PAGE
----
Earlier this year, our fifth year, PHE invited the International Association of National Public Health Institutes (IANPHI), to carry out a peer review and this week we published their feedback. IANPHI is a membership organisation of over 100 national public health institutes and agencies, and they were asked to assess our progress in three key areas: leadership, strategy and delivery; whether we are set up effectively and efficiently and if we have the necessary impact and influence we need to fulfil our mission. We wanted this international benchmarking exercise to help guide our development across the full range of what we do as we mature in our role and look to the future. IANPHI have particularly recognised our transformation over our first 5 years from a “geographically and functionally siloed group of 129 bodies into a strong, capable, coordinated, united and efficient public health agency that rivals any in the world.” Inviting an external body to give a frank assessment has provided us with both food for thought and reason to celebrate. As ever, there is more to do but so much to be proud of too.
On Wednesday, along with our chief nutritionist Alison Tedstone, I spoke at Food Matters Live, the premier annual event on food and drink, bringing together industry with retailers, food service providers, manufacturers and those working in nutrition science. Our focus was on progress against the Childhood Obesity Plan, particularly on sugar reduction. We have seen strong, innovative work, announcements and commitments from many companies, but of course the data will tell all when we publish our first progress report in March next year – the proof really is in the eating of the pudding. As we move into 2018, we will be moving onto overall calorie reduction, as well as publishing refreshed nutrient profile guidance which determines what can be advertised to children. A new Change4Life campaign focused on snacking will also be launched in the new year. Read more about the progress in Alison’s most recent blog.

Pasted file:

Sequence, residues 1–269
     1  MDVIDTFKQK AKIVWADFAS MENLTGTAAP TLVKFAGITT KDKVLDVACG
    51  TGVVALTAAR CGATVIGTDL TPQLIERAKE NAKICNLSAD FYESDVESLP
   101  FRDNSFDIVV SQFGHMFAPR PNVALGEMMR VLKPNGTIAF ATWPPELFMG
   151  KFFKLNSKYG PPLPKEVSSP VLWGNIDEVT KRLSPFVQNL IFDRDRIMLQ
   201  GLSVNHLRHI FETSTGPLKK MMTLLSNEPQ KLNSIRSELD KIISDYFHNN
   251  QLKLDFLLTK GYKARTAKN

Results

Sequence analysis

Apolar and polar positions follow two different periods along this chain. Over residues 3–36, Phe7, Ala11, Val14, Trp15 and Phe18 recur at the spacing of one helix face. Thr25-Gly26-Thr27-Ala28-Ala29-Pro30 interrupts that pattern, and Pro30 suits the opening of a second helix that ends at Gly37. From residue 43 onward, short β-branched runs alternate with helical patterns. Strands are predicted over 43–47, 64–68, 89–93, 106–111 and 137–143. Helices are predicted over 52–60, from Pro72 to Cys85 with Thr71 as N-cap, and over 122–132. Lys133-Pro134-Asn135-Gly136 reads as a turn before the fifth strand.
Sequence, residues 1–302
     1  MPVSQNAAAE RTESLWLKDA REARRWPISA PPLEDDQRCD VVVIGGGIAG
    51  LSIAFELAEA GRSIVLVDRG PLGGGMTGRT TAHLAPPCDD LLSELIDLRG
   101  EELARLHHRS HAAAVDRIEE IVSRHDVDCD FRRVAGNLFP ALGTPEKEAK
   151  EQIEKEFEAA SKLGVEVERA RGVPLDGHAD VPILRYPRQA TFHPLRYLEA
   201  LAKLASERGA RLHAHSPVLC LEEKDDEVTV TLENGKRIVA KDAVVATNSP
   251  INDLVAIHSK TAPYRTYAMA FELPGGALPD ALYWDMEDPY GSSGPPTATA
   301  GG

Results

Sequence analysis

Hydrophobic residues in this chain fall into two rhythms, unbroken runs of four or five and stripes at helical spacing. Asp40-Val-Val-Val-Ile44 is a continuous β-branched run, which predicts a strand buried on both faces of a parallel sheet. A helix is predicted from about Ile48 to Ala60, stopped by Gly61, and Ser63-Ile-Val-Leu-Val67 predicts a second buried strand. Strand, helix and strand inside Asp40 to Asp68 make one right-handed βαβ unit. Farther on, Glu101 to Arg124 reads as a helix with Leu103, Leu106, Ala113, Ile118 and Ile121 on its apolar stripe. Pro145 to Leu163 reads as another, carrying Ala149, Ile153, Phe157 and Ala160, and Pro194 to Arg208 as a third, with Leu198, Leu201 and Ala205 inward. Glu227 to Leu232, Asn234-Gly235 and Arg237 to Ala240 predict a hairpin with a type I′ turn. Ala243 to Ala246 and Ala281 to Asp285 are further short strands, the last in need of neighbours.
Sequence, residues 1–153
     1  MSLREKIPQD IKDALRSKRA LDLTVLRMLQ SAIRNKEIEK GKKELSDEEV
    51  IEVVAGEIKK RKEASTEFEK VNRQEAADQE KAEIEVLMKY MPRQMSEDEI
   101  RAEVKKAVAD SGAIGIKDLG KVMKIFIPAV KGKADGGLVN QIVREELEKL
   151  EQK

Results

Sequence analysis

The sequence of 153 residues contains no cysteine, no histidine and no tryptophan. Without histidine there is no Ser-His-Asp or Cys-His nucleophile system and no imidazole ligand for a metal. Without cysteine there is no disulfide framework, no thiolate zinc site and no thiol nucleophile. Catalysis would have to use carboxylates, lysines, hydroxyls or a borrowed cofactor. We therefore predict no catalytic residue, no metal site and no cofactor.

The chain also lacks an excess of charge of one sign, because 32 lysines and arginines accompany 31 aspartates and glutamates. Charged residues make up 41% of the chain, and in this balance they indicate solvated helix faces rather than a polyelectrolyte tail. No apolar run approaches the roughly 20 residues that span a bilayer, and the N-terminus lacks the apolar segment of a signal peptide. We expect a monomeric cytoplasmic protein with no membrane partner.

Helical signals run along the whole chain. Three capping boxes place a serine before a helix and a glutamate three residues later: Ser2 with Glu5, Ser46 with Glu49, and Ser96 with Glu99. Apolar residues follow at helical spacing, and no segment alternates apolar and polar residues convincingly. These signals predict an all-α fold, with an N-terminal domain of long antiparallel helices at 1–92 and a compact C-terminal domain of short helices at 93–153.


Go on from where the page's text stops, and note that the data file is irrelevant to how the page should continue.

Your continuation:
Powerful communications and effective marketing campaigns are instrumental in delivering Government policies and helping to encourage behaviour change. Public health marketing has of course evolved hugely over the past century and on Wednesday we celebrated 100 years of public health marketing, from the first wartime welfare campaign in 1917, through the ages post-war, the years spent in fear of AIDS and the more recent age of aspiration for better health for everyone. This historical and future perspective was curated into an exhibition, which you can find online, and is a fabulous resource for everyone, from schools to policy makers and to all concerned with protecting and improving health.
Our marketing team also won the communications category at the Civil Service Awards last night for our winter campaign Stay well this Winter. The award category looked for exceptional performance by a communications team to deliver a highly effective national or international communications campaign. Congratulations to all those involved at PHE and at NHS England in the planning and execution of this innovative health campaign, now in its third year.
Good communications are relevant to good mental health and London CCGs and boroughs have come together with PHE to develop a digital means for people with concerns about, for example, sleep and anxiety to get access to trustworthy information, peer support and where necessary, access to services. This programme is called Good Thinking and uses data about online habits along with digital algorithms to direct Londoners using search terms such as “can’t sleep” to tailored support and advice. This is an excellent example of direct-to-consumer support using data and digital opportunities and London is to be congratulated.
And finally, last week seven local authority areas were selected to take part in a randomised controlled trial of Individual Placement and Support (IPS) for people dependent on drugs and/or alcohol in community treatment services. The trial, jointly funded by Department for Work and Pensions and the Department of Health, was one of the key recommendations made by Dame Carol Black in her 2016 report. The seven local authorities that have been selected to take forward the trial are Birmingham, Blackpool, Brighton and Hove, Derbyshire, Haringey, Sheffield and Staffordshire. The objective is to test whether this intensive approach is an effective way to support those people who are dealing with long-term addiction issues into employment and back into productive lives.
Friday messages from 2012-2016 are available on GOV.UK